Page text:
I wasn't entirely sure where to go with today's PA prompt to write a 'prayer poem'. Well, I wanted to go to a harder, more aggressive place with it, but since you can't really follow what XTC did with "Dear God"...ever...because it's just perfect, I went with a more lighthearted poem. The second poem is about driving home from visiting my parents in the winter.
Atheists don't pray on Easter, or any other day
While leaning back in my comfortable
leather chair, a pricey birthday present,
I hoped today that you would
not come to my door and knock or
ring the bell, disturbing my
Sunday morning's peace and quiet,
agitating my little dog, who barks
like she's a German Shepherd.
She clearly doesn't know she's a Dachshund.
I'm just never prepared for a theological
conversation before I've had my breakfast.
It was only egg whites and toast, but I'm
sure that your god doesn't send you out
in your Sunday best on an empty stomach,
and talking god without coffee in my
system is really not a good idea.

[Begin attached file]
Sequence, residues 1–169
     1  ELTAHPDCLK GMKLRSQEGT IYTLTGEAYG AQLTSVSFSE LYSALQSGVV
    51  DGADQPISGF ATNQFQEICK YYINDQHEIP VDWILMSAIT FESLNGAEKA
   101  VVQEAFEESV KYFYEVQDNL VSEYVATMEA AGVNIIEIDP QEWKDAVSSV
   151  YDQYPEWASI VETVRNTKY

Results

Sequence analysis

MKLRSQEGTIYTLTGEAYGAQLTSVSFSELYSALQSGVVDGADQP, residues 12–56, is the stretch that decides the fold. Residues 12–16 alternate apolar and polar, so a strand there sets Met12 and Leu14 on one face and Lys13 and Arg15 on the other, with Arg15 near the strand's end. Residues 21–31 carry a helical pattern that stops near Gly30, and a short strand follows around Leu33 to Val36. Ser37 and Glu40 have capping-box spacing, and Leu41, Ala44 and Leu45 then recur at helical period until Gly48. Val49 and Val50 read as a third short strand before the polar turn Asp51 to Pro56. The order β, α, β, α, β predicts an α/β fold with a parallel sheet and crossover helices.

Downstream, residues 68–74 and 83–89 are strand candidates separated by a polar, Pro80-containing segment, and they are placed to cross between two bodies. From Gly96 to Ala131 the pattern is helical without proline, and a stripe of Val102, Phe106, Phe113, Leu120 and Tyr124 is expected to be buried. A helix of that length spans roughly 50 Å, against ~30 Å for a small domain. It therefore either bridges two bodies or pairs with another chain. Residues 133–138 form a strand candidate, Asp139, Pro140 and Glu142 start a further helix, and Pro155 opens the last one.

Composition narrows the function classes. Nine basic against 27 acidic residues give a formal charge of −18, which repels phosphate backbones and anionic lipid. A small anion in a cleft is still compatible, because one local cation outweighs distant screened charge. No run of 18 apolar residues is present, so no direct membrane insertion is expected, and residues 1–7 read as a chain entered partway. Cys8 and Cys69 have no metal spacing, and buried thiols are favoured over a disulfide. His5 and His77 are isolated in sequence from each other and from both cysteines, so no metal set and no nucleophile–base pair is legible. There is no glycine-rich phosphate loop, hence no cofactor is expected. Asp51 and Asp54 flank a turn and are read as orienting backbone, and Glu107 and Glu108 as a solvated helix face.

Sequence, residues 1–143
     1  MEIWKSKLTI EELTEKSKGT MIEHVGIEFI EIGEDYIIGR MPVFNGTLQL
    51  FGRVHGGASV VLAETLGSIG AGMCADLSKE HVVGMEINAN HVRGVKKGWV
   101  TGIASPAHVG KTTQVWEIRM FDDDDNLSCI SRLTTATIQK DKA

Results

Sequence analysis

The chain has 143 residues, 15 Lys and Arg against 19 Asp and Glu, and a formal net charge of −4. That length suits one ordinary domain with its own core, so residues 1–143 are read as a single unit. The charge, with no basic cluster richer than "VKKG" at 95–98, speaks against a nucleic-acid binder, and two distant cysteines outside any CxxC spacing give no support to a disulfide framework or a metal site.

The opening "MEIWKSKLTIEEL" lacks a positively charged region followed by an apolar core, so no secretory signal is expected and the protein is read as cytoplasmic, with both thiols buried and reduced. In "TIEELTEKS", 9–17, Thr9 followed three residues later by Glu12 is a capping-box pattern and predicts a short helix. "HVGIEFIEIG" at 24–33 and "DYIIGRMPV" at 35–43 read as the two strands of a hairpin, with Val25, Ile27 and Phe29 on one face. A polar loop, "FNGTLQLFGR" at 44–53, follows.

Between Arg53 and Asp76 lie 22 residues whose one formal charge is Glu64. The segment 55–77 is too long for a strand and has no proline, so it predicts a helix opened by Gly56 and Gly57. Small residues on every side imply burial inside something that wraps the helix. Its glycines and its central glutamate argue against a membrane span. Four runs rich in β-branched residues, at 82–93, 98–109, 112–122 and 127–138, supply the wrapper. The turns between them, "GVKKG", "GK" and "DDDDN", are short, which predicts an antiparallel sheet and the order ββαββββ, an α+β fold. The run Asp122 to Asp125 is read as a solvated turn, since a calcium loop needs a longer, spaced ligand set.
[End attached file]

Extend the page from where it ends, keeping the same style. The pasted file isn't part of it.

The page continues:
I'm thankful, blessed even, that you
didn't leave one of your little booklets
in my storm door's handle, which would
inevitably be blown out by a gust from
off the river and sent bent and flapping
against the fence between my neighbor's
house and mine, left entirely unread
and most assuredly unappreciated.
Don't be offended by my lack of faith
or my disregard for your savior.
It's just that I don't believe in
imaginary men, Santa Claus or the Easter Bunny.
Driving back from my parents' house
The red glow of taillights
are a slow burning light
that doesn't keep you awake
enough on winter afternoons
when the sun disappears by
4pm, if you're lucky, and
the trees are a rapid fire
movie in fast forward
surrounding the side windows
and the road looks blacker
than the deepest mug of
coffee that sits covered,
slowly cooling, soon to be
tossed out when you can
finally pry your dead weight
ass out of this claustrophobic
speeding bullet that you're
hoping will steer you to a
restful night of sleep, but
you know it won't be when it
just brings you back to the
routine that wears you harder
than the two hours it usually
takes to make it back home
from a house that hasn't felt
like home in over a decade.